No shortage of books or furniture in schools, counters Samuda

BY ALICIA DUNKLEY-WILLIS
Senior staff reporter
dunkleywillisa@jamaicaobserver.com

Thursday, October 10, 2019

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MINISTER with portfolio responsibility for education Karl Samuda has taken Jamaica Teachers' Association (JTA) President Owen Speid to task over comments intimating that schools are critically short of furniture and textbooks.

“My erstwhile friend Owen Speid has issued a statement that I find very interesting: that he has visited a number of schools and found that there are shortages in furniture. It is my understanding — I have not confirmed categorically, but I was advised reliably — that the JTA president, in his effort to cover as much ground as possible and I suspect in his efforts to assist in improving the fiscal and other efficiencies of the Ministry of Education, requested that schools submit to him a list of their furniture requirement,” Samuda told journalists at yesterday's post-Cabinet press briefing at Jamaica House in St Andrew.

The minister said, while nothing was wrong with the interest taken by the JTA president, his touting of the “wish list” submitted by the schools as indications of critical lack is disingenuous.

“I want to make a blanket statement that there should be no sense of anxiety with respect to the supply of books, both [at the] primary and secondary [levels]. There is no shortage of books for the first term. What everybody is inclined to do, when asked, 'What do you want', they will give you a wish list,” Samuda declared.

He said the ministry had no intention of “embarking on a programme to countenance, sanction or provide a wish list. We stick strictly to the requirements under the National Standards Curriculum programme and we provide the books appropriate,” he said, adding that as far as the books and the amounts supplied so far were concerned, the needs for the first term of the school year are covered.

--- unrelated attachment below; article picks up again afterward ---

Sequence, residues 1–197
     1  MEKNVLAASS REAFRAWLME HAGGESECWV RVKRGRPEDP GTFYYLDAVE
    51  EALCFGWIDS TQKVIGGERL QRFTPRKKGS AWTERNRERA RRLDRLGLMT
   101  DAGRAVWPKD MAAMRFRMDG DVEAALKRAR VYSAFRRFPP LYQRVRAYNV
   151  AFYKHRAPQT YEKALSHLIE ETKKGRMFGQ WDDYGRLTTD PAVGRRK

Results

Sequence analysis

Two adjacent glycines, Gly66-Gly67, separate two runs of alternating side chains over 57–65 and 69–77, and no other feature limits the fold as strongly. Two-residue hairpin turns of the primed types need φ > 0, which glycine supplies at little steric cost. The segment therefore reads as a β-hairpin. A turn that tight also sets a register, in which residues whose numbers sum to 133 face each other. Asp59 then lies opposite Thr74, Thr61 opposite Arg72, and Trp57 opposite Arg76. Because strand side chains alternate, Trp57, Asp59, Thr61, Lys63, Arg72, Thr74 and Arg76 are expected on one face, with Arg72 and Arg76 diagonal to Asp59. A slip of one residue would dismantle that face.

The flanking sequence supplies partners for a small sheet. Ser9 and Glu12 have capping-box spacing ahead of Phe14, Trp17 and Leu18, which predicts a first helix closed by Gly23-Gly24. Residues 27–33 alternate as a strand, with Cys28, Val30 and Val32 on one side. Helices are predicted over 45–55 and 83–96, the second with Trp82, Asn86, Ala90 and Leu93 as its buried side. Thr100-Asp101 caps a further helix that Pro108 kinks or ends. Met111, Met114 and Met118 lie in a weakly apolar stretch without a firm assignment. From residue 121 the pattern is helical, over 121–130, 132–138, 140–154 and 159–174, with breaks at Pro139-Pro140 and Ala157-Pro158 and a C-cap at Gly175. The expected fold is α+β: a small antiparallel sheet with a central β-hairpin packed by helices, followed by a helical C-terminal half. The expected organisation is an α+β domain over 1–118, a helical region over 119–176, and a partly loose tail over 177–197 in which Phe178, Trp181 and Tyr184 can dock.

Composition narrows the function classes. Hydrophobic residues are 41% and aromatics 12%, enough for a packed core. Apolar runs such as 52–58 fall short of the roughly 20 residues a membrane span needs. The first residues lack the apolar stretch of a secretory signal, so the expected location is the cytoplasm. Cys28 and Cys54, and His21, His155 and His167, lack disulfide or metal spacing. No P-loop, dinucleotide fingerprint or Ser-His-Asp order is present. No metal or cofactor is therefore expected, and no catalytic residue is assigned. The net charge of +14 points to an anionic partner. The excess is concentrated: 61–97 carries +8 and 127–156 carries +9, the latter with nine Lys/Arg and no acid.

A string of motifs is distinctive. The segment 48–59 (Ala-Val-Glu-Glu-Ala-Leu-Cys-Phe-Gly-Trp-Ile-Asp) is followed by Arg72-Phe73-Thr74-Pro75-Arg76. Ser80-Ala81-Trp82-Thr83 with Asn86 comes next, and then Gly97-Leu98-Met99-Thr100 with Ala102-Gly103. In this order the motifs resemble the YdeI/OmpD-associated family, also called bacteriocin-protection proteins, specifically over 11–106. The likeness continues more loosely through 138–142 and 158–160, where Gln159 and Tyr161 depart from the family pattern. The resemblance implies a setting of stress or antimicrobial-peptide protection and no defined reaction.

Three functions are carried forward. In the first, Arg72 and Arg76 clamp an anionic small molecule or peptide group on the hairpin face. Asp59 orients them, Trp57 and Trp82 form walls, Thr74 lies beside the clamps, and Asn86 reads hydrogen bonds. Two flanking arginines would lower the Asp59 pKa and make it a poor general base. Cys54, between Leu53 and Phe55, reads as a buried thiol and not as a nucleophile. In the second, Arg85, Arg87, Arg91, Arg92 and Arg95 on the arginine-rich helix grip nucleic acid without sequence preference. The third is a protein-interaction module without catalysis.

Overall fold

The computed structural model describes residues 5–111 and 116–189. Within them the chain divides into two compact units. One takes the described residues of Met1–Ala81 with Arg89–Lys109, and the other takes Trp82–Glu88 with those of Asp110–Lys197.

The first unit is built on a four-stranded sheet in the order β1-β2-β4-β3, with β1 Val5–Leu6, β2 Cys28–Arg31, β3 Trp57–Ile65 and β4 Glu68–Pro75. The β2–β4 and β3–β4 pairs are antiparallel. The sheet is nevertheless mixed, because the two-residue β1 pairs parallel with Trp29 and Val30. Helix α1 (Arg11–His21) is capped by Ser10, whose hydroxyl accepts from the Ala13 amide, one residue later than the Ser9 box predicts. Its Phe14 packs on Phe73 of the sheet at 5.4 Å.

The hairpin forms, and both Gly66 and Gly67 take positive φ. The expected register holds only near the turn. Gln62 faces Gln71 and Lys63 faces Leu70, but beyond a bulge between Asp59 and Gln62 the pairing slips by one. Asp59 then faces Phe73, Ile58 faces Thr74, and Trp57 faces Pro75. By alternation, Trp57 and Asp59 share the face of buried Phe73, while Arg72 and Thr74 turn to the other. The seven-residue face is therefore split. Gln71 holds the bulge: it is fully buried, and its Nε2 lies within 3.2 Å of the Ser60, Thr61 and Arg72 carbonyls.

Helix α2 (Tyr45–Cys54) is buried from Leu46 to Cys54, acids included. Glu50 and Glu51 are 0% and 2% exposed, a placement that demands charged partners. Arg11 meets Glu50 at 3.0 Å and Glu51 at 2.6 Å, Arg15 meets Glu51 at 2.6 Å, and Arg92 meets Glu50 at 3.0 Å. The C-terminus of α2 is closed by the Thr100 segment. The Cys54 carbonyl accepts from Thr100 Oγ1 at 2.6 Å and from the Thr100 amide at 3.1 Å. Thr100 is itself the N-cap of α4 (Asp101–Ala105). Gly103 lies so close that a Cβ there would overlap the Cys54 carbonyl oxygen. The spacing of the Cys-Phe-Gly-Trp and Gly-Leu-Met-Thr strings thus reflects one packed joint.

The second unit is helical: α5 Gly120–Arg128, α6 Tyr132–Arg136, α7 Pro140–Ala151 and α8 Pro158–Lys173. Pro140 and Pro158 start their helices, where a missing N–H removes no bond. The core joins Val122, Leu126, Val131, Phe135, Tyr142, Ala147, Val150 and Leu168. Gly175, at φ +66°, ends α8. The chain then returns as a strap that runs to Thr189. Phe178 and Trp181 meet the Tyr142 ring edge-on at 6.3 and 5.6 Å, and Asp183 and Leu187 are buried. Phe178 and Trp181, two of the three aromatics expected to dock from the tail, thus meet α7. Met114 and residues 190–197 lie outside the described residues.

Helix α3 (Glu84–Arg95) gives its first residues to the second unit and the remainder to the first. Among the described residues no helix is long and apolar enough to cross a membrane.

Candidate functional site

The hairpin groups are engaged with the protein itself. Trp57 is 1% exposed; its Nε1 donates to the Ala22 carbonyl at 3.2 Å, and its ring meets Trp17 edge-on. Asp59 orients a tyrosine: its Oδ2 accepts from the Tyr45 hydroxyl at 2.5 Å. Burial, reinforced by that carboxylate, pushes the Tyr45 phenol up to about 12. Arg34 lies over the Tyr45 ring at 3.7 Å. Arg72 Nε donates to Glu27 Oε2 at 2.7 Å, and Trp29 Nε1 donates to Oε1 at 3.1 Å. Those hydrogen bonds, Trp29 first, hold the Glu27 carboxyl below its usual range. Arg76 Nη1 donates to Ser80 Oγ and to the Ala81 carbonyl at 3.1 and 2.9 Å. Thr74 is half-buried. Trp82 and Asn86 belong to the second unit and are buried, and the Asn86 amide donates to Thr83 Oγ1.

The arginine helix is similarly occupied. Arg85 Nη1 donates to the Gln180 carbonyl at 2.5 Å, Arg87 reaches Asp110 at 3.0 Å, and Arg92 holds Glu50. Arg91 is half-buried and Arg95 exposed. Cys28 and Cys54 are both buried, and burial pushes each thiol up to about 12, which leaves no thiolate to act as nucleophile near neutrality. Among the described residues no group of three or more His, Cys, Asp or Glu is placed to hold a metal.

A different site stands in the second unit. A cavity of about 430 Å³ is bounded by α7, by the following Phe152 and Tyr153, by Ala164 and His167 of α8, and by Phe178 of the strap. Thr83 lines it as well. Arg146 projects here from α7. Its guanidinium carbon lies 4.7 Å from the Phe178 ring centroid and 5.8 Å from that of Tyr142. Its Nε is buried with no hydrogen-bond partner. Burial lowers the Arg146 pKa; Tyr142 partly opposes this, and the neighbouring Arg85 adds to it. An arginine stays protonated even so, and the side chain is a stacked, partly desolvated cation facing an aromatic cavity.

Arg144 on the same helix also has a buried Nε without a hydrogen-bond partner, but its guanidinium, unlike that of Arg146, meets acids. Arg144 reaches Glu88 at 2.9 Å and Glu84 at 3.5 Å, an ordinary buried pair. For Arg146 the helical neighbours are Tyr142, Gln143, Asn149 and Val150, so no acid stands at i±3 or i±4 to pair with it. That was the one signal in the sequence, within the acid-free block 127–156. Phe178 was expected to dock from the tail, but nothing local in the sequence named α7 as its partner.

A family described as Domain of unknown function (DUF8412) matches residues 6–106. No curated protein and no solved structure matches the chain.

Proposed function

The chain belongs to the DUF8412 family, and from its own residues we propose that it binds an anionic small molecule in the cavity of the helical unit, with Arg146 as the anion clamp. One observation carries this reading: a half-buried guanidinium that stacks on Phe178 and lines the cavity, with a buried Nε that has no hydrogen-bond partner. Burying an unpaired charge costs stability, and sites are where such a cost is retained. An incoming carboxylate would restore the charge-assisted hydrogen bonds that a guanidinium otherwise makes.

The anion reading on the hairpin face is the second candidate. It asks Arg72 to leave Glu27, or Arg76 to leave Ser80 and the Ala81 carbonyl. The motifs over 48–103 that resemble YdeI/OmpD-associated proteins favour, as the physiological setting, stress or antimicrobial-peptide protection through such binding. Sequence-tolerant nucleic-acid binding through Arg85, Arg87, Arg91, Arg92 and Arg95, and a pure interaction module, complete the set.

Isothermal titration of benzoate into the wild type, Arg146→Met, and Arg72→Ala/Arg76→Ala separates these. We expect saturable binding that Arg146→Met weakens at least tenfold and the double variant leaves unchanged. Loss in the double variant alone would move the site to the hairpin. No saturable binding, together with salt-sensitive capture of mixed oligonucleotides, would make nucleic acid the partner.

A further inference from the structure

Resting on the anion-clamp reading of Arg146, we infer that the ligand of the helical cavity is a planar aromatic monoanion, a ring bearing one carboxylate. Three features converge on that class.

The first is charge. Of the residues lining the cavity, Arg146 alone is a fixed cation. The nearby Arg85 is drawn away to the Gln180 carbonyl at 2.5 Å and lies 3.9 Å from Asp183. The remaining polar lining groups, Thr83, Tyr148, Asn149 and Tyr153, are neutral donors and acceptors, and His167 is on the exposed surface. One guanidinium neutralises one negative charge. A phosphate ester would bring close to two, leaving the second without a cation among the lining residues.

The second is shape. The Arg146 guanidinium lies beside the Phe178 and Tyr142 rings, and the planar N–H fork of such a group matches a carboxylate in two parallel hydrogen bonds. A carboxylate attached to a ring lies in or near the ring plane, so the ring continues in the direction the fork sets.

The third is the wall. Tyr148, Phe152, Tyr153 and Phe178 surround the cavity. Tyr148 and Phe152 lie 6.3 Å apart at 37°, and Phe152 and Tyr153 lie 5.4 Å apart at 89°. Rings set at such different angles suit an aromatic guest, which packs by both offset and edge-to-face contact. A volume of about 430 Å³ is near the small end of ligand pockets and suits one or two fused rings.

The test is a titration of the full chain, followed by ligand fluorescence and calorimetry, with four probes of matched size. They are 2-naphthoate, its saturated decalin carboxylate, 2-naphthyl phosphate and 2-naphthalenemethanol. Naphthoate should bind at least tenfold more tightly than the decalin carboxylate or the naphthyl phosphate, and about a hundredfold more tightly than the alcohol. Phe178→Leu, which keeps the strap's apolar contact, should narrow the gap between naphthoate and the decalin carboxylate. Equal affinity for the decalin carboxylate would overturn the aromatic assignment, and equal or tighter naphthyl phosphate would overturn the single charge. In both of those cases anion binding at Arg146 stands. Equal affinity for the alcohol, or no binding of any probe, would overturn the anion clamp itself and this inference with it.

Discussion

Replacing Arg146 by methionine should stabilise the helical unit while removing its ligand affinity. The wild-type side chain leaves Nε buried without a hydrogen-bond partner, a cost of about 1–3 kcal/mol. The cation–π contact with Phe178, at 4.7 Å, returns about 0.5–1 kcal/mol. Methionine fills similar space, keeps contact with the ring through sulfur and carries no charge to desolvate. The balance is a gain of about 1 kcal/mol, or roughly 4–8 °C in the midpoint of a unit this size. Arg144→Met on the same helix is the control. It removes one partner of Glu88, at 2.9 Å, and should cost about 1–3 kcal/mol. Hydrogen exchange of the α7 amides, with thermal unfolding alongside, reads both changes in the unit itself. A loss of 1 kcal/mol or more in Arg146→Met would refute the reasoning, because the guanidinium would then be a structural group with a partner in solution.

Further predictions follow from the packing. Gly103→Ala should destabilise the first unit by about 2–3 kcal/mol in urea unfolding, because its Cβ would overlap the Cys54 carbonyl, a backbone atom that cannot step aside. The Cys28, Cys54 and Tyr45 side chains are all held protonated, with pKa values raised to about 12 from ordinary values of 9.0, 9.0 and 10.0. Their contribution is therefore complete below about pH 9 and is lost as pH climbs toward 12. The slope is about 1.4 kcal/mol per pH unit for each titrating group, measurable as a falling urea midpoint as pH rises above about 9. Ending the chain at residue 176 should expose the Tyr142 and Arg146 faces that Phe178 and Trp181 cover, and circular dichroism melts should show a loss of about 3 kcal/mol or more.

Commenting further on the situation, acting permanent secretary in the Ministry of Education Dr Grace McLean told journalists that, “based on the monitoring of the system by education officers [the ministry has] no reported immediate shortage of books and furniture within the system”.

She said the ministry had no choice but to be proactive in the matter, and would have done a placement of orders from last year December in terms of the number of books required based on indications from the school administrators, given that the process for procurement takes more than six months, and contracts have to go for Cabinet approval before they go to the suppliers who distribute the books across the island.

“This year is also unique, because we have fully implemented the National Standards Curriculum and we are on a drive to ensure that we change out all the books within the system over a two-year period,” Dr McLean said, noting that once schools indicated the need for additional books, they were supplied.

As it relates to school furniture, she had this to say: “We do not have any students who are standing up, at this time, and receiving instruction. They are all seated on a chair around a desk …and the teaching/learning process continues. We, however, continue to monitor the situation; all feedback that we receive is treated seriously at the ministry, we do our investigations and we are ensuring we provide as much support as we possibly can.”

Dr McLean said some schools, for this year, were provided with funds in their regular grants to purchase their own furniture. She added that based on its audit, the ministry has so far delivered 11,058 pieces of student furniture with about 1,500 to be delivered within the course of this week, and the other 6,200 pieces to be delivered to the schools that have requested by the end of October.


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